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The Walking Dead 10.18 Review – ‘Find Me’

March 8, 2021 | Posted by Katie Hallahan
The Walking Dead - 'Find Me' Image Credit: Eli Ade/AMC
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The Walking Dead 10.18 Review – ‘Find Me’  

This week on The Walking Dead, we finally find out more details of what Daryl was up to during the time jump and his self-exile from the communities, and it shines a harsh light on the Carol-Daryl friendship.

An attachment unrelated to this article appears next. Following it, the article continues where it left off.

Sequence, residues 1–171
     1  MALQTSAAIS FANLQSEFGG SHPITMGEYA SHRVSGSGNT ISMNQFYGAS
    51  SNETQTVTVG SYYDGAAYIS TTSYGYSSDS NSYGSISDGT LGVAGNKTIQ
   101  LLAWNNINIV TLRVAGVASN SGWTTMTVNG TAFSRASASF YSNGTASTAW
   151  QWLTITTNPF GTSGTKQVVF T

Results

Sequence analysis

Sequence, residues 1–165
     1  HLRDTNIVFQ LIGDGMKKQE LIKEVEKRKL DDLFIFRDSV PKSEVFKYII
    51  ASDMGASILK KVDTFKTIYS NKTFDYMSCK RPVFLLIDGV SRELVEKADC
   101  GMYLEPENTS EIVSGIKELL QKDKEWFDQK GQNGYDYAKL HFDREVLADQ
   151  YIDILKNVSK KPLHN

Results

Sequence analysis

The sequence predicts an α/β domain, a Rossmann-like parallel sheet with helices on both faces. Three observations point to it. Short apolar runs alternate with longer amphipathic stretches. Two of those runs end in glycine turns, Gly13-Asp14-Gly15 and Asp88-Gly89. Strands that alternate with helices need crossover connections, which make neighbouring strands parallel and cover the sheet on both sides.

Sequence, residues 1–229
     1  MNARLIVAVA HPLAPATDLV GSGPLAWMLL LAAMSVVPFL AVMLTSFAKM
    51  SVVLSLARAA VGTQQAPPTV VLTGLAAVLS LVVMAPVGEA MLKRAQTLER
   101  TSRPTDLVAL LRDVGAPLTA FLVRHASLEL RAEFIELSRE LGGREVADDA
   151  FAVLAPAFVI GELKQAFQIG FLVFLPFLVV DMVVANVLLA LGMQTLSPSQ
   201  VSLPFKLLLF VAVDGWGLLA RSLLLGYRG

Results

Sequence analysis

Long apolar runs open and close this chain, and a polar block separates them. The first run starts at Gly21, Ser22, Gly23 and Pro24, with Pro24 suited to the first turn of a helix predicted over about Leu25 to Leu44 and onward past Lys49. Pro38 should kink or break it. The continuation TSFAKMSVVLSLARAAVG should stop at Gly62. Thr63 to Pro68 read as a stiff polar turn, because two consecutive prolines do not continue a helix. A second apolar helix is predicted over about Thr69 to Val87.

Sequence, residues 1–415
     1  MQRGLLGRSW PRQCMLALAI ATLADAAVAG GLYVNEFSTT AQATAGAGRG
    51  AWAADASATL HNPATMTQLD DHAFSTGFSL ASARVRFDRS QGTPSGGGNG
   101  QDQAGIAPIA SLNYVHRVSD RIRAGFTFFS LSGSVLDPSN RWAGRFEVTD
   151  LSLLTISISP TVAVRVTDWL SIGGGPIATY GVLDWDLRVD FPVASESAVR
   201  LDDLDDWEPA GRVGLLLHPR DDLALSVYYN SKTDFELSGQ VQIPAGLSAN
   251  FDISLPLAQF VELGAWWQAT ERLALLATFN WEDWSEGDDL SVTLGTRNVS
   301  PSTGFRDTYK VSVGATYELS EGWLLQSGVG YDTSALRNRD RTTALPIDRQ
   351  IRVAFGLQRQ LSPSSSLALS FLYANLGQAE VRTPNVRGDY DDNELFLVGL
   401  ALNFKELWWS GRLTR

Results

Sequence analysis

The plot: As Daryl sets out to do some scouting, Carol invites herself along. They head out with Dog, and before long come across an abandoned house–one that Daryl is familiar with. Through some flashbacks, we see how Daryl was obsessively hunting for any sign of Rick’s fate after the bridge explosion. Eventually he happened to find this same house when it was occupied by a woman named Leah, Dog’s original owner. Over the course of a few years, Daryl and this woman slowly become close. He learns how she, too, had a rough family upbringing but found a family by choice, people who gave her hope. She ended up raising the son of one of the women as her own, but he was bitten and died the same day Dog was born. Daryl tells her about losing his brother, by whom he means Rick, and looking for him. The two develop a romantic relationship, but eventually Leah is frustrated by Daryl not choosing where he belongs–with her, living on his on with this endless search, or with the family he left behind. But when he finally chooses, she’s gone, her fate unknown, and that’s how Dog came to be his companion instead. In the present day, some resentment and unsettled issues between Daryl and Carol surface. He accuses her of trying to run from her guilt when she came with him, she accuses him of taking all these losses as personal ones and making himself a martyr to them. He pins the loss of Connie on her, which she only sort of apologizes for, and things are left unsettled for these two best friends.